So, you’ve finished your MFA. What now?

Since I’m just getting things back up and running, I thought that I would tackle one of the reasons I’m starting this blog up again.

I finished my MFA this past summer, and I was proud of what I had accomplished. My MFA was unlike a traditional school in that all work and scheduling was my own responsibility. I didn’t have anyone that I answered to daily, and my progress was solely judged on what I snail-mailed to my advisor every three weeks.

I met people at Goddard that I know will be my friends for years to come, and when I got my diploma I was happy. I felt like I’d done something solely for me, and that I would finally feel confident in saying that “I am a writer”.

Fast forward several months…

Am I still happy? Yes. Of course. I don’t have any regrets in getting my degree. Do I think I was a little optimistic in thinking that my degree was going to solve my problems? Entirely too optimistic.

I have diligently written almost everyday since I graduated, and I see no other way that I can improve my craft other than doing just that, but with that said, I still feel rather conflicted by the fact that I haven’t done anything with my degree other than that. I certainly know that it will take longer than a few months (try many years) before I will likely see the results of my hard work, but I’m someone who needs goals to stay motivated. Sure, a long term goal of potentially getting published one day is great, but it’s still a rather abstract goal, and I need something more immediate to keep me going.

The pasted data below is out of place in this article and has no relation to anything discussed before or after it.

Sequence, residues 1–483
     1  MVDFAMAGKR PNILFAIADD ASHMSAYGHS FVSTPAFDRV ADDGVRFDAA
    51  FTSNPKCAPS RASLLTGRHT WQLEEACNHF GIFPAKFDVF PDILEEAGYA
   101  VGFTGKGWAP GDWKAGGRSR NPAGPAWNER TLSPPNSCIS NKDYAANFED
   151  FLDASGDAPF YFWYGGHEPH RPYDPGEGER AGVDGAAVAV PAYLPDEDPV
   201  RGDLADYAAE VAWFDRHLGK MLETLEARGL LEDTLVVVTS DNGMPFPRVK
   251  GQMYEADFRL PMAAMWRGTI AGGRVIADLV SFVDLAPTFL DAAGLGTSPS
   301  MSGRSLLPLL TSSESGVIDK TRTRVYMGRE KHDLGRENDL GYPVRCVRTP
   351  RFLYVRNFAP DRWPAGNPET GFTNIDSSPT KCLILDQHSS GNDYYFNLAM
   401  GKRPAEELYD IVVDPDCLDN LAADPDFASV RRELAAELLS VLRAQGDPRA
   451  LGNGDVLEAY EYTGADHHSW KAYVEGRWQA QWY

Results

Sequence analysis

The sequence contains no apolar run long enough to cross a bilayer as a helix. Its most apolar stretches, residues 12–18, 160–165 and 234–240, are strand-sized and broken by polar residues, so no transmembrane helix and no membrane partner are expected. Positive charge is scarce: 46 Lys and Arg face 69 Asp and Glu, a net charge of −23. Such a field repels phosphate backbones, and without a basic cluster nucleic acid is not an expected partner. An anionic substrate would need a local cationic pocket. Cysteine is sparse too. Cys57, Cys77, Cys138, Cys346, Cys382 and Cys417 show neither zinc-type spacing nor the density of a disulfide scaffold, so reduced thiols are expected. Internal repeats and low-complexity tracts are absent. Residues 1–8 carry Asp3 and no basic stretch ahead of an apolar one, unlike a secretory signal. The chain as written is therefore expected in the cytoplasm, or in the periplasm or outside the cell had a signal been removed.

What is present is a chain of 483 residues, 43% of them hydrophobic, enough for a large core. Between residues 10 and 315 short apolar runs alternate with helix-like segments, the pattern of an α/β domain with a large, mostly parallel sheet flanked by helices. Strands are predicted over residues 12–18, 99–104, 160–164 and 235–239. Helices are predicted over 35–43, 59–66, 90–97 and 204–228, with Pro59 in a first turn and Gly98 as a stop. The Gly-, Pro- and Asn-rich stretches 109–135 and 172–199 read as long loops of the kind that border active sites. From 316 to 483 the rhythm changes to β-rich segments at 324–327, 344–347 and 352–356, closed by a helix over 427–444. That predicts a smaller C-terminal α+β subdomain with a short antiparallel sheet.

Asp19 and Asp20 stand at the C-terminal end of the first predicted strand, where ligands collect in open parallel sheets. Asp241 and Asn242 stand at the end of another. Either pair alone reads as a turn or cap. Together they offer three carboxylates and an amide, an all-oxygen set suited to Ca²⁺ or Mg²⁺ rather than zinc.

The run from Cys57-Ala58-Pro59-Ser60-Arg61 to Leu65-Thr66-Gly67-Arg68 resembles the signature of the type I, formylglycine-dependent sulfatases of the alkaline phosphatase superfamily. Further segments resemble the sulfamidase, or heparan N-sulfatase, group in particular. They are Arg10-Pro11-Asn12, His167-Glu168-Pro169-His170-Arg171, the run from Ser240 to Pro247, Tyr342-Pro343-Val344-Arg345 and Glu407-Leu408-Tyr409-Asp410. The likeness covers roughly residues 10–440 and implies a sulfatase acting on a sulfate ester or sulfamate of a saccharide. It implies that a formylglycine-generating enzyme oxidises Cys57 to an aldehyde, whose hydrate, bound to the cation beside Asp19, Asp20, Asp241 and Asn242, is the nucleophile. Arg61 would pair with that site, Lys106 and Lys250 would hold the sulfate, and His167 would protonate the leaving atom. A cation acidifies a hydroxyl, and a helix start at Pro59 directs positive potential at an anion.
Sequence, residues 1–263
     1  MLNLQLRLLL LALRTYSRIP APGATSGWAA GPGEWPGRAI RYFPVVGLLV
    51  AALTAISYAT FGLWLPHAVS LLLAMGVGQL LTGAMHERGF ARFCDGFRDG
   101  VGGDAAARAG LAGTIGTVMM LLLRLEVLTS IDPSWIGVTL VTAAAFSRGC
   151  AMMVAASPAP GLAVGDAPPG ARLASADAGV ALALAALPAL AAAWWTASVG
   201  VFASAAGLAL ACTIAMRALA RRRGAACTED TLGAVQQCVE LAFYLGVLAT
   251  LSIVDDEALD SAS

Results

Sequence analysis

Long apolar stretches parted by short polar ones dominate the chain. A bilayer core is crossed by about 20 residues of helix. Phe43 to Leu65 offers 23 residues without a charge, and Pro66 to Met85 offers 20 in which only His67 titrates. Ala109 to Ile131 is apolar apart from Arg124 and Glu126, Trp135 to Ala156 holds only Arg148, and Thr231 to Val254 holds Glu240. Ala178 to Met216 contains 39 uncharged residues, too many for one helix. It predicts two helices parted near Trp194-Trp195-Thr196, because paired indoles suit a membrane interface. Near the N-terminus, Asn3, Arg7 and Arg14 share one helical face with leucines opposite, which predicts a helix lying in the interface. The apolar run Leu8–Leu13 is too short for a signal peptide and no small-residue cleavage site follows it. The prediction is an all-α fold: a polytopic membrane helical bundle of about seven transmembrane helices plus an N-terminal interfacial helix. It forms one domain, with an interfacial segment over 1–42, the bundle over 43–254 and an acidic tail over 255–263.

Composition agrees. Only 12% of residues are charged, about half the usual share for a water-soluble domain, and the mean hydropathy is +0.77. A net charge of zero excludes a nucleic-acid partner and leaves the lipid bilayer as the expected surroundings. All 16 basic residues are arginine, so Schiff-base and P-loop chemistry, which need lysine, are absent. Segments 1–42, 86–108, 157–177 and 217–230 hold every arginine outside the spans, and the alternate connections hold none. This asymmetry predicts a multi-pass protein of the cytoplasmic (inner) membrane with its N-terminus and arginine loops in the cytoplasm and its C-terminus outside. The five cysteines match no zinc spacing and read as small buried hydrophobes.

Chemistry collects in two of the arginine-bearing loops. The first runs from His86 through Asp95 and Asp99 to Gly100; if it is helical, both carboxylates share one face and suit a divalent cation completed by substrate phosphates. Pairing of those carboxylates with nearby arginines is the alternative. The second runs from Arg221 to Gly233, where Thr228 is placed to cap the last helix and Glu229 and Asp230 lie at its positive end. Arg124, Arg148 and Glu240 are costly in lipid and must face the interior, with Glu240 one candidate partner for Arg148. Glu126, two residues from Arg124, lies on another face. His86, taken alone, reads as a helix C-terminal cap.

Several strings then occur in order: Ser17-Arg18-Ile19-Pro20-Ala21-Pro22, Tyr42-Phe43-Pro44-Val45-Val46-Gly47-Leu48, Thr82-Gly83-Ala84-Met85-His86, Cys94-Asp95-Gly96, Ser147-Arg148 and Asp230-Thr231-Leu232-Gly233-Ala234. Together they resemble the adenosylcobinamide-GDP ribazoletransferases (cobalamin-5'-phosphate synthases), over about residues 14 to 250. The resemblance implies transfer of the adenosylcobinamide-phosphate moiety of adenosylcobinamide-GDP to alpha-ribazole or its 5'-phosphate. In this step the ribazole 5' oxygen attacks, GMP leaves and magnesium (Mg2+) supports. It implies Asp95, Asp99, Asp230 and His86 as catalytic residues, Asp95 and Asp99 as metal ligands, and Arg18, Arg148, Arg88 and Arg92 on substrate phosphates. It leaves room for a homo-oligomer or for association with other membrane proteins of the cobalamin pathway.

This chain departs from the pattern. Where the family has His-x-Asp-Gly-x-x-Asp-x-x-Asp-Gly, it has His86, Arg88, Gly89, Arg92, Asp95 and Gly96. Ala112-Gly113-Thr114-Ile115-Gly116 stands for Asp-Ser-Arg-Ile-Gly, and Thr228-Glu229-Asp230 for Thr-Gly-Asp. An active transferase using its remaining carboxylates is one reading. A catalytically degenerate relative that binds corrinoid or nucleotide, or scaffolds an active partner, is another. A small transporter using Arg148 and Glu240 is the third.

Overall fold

Que my newest idea, which might or might not prove to be a smart idea. I think that I will try to self publish a collection of my short stories. That way I can start to get my name out there. It will at least allow me to say that I am published. Now, I am a complete stranger to self publishing, so I have a lot of research ahead of me, but I think that it will give me something to strive towards. I already have a collection of pieces that I can edit and improve for the collection.

I’m still rather old fashioned, and I would like to try and find an agent and publishing house for the novel that I’m working on, but just because I want to have my book published through a house doesn’t mean that I need to have all my work produced that way.

I’m just trying to keep a delicate balance between being optimistically driven and paralyzing self doubt. I do tend to lean towards the later, so this will certainly be an experiment in pushing myself out of my comfort zone.

Next week I’ll hopefully have a better idea of how to start down the rabbit hole that is self publishing. If anything, I’ll have a good story to tell.

Be well.

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